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How an Unknown S.F. Ballet Dancer Became a Breakout Star

One of the country’s hottest young choreographers got his start as a supporting dancer in San Francisco.

Myles Thatcher instructs dancers during a rehearsal for his new work premiering at this month’s Unbound festival.


Myles Thatcher is sitting on the floor of a windowless studio in the San Francisco Ballet building, knees splayed like a frog’s. Before him, two men are entangled in a duet, each wearing a rubber swimming cap—one pink, one blue. Like two aliens on a newfound planet, they eye each other and then, cautiously, trade headgear. “You’re getting acquainted with formatting yourself to this different group,” Thatcher calls out. “For him, it’s no big deal. But for you, it’s something you’ve been wanting to try for a long time. It’s deeper.”

The typical male-female pairing for this kind of sweeping pas de deux is today relegated to the sidelines. In the world of ballet, this qualifies as both significant and bold.

Thatcher, the handsome 27-year-old behind the production, is one of ballet’s fastest-rising talents. This month, he’ll be one of 12 choreographers commissioned by San Francisco Ballet to create new work for the Unbound festival, a lineup that includes dance-world sensations like the celebrated Belgian-Colombian Annabelle Lopez Ochoa and Complexions Contemporary Ballet cofounder Dwight Rhoden. For all its star power, however, it’s Thatcher who best represents the festival’s cutting edge. “I have high hopes for him,” Helgi Tomasson, San Francisco Ballet’s artistic director and the mastermind of the festival, says coyly.

Myles Thatcher.

Tomasson plucked Thatcher out of the obscurity of the corps de ballet—the company’s lowest level of performers, of which he remains a member—gave him his first break as a dance maker, and has championed him ever since. This has been an unexpected path for a kid from Easton, Pennsylvania, whose entrée to dance came when an instructor watching him audition for the grade school musical called out, “Which mom belongs to this one? You need to put your kid in dance.”

From there, he attended the Harid Conservatory in Florida, and in 2008 he turned down opportunities with other companies to become a trainee in San Francisco, never predicting that his own works might one day be among those performed there. Thatcher’s first work, Timepiece, was created during a workshop for students of S.F. Ballet’s school, and it was soon programmed as part of a festival at Canada’s National Ballet School. In 2015, Thatcher’s Manifesto marked his choreographic debut on the company’s main stage. Since then, he’s created works for the likes of the Joffrey Ballet and the New York City Ballet. “I had no idea what I was doing,” Thatcher says of his first forays into choreography. “But I also had nobody telling me what I should be doing.”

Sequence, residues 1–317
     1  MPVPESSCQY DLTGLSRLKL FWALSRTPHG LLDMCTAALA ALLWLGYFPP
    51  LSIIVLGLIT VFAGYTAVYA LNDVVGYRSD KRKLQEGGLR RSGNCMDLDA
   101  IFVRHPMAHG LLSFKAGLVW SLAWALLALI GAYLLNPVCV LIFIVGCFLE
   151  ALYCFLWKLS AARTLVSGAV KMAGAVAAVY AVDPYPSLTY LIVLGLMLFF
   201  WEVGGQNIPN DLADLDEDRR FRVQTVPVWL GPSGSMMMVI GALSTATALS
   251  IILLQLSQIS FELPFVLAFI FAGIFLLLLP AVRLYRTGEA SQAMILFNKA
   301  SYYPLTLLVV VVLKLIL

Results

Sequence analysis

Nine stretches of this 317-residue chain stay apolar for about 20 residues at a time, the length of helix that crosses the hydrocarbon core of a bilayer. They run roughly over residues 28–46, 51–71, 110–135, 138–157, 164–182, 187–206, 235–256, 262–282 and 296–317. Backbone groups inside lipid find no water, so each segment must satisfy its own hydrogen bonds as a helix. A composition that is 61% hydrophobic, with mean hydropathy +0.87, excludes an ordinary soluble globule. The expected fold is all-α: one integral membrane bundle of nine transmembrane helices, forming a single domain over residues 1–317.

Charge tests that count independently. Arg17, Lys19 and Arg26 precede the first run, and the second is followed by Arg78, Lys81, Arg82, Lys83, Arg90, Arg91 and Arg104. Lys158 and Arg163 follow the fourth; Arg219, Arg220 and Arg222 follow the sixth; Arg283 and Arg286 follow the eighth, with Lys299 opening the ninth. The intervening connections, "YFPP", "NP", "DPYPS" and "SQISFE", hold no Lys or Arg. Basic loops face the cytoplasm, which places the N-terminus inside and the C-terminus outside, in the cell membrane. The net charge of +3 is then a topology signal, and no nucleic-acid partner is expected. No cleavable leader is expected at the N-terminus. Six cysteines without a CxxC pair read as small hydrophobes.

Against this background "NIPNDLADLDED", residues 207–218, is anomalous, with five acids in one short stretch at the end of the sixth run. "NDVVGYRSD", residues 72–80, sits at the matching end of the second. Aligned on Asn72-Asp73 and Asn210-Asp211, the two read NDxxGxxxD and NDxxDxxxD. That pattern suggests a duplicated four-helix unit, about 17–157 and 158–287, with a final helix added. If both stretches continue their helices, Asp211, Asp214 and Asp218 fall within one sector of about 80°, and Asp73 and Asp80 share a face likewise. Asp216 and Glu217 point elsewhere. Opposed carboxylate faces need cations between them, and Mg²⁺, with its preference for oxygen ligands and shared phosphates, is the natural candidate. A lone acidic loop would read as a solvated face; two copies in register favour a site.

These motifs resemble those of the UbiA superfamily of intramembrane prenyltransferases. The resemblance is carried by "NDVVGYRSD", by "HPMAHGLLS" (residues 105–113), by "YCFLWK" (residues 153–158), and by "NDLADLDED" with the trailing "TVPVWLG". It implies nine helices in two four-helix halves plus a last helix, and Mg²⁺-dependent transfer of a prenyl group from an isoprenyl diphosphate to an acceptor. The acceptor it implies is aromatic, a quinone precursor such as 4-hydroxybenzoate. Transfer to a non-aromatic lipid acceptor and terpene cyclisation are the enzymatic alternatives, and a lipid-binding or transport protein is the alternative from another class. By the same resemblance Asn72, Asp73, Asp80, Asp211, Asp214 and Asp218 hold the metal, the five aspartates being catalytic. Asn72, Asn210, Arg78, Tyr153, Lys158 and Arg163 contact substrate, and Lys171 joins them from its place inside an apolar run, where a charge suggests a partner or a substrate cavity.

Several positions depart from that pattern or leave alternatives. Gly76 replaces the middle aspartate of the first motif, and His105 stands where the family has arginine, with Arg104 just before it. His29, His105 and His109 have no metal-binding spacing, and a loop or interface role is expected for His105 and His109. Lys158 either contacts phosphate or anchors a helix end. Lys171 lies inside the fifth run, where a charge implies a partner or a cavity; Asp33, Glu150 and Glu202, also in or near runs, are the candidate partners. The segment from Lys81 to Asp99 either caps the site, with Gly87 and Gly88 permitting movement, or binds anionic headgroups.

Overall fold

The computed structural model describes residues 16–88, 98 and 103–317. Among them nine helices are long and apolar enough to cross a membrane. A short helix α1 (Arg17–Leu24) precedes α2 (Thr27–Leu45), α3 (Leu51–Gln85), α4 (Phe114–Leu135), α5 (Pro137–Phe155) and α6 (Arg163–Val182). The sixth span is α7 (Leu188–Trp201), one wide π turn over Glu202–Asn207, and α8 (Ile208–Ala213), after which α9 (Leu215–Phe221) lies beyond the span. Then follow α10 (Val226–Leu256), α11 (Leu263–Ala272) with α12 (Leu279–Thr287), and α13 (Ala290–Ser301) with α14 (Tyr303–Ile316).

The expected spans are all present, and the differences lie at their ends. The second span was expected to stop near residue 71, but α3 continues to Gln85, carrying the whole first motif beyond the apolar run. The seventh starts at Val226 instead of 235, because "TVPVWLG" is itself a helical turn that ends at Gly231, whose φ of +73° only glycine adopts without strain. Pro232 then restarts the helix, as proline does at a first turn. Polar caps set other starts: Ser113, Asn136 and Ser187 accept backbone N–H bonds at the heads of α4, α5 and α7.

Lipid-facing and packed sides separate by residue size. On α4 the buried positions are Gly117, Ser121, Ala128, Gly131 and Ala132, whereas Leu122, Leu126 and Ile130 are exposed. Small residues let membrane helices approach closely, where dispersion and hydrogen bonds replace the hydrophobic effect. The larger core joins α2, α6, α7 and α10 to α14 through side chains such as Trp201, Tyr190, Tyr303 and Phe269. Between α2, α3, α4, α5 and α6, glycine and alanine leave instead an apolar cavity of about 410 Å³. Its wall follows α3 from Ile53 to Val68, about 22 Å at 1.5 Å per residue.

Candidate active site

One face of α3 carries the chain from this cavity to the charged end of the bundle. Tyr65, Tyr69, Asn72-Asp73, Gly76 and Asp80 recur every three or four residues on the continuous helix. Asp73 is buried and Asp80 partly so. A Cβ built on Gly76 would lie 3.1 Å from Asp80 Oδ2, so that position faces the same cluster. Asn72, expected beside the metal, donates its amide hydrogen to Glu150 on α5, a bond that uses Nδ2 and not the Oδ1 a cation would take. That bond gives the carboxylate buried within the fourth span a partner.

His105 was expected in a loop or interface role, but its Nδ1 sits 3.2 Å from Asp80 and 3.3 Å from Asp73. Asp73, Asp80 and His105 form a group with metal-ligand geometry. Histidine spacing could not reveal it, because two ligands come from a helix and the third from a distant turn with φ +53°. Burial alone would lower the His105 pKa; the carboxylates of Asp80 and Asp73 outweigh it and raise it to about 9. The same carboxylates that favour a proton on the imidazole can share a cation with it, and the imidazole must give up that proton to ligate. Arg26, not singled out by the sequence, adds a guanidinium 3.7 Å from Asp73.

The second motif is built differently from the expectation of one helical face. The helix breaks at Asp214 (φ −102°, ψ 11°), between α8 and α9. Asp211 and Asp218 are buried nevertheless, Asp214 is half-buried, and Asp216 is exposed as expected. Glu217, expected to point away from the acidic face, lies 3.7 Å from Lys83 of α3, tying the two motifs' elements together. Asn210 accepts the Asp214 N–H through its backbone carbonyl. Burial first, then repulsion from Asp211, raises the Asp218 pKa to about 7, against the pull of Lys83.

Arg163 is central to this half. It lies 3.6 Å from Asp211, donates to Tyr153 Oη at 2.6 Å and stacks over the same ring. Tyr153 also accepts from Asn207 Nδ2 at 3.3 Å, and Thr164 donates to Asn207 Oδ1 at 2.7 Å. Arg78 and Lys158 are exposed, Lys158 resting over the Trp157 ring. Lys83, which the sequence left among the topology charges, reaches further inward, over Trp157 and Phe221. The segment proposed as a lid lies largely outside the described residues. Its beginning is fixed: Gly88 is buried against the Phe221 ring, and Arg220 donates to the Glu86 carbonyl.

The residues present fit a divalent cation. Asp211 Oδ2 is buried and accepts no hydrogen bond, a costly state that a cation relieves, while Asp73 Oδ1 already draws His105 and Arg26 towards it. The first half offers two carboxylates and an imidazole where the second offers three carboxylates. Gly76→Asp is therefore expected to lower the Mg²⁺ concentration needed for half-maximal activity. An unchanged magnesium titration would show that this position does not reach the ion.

The result is dance marked by youthful energy, hip costuming, and a progressive attitude toward gender roles. His Unbound piece was inspired by a gender-nonconforming friend who’d had breast removal surgery and lives between two identities. “When I shared the music with [her], she started crying,” he says. “She said, ‘This is what it felt like for me, the shame in the music here.’”

Thatcher, who is gay, likes to play with gender conventions. Donald Trump’s election gave his work a newfound sense of urgency. Two weeks after Thatcher took the Unbound commission, Trump weighed in on trans people serving in the military. “That further solidified that it was time to take on this theme,” he says.

Watching Thatcher lead a rehearsal, it’s clear that he isn’t the domineering choreographer of yesteryear. Many of his dancers are, like him, in the lowest-rung corps, and he takes an egalitarian approach with them that’s not necessarily common in prestigious companies. His life outside the ballet is similarly unlordly: He lives in a shared, rent-controlled apartment in Presidio Heights, eats sushi in the Tenderloin, and goes dancing at Amnesia.

Life as a dual performer and choreographer has been challenging, Thatcher admits. In late 2015, while preparing to stage a work in Mexico City, he developed Bell’s palsy, a temporary paralysis in the face. “I got a taste of my boundaries that year,” he says. And yet Thatcher says he isn’t ready to hang up his dancing shoes to focus solely on choreography just yet. “I’m craving stories I can relate to as a dancer and a human,” he says.

As his workday wraps, the manifesto goes into action. “More tender here,” he says to the entwining dancers. Their hard-as-steel bodies melt just a little. “As creature-y as we get, we need to keep the humanity in it.”


Originally published in the April issue of San Francisco

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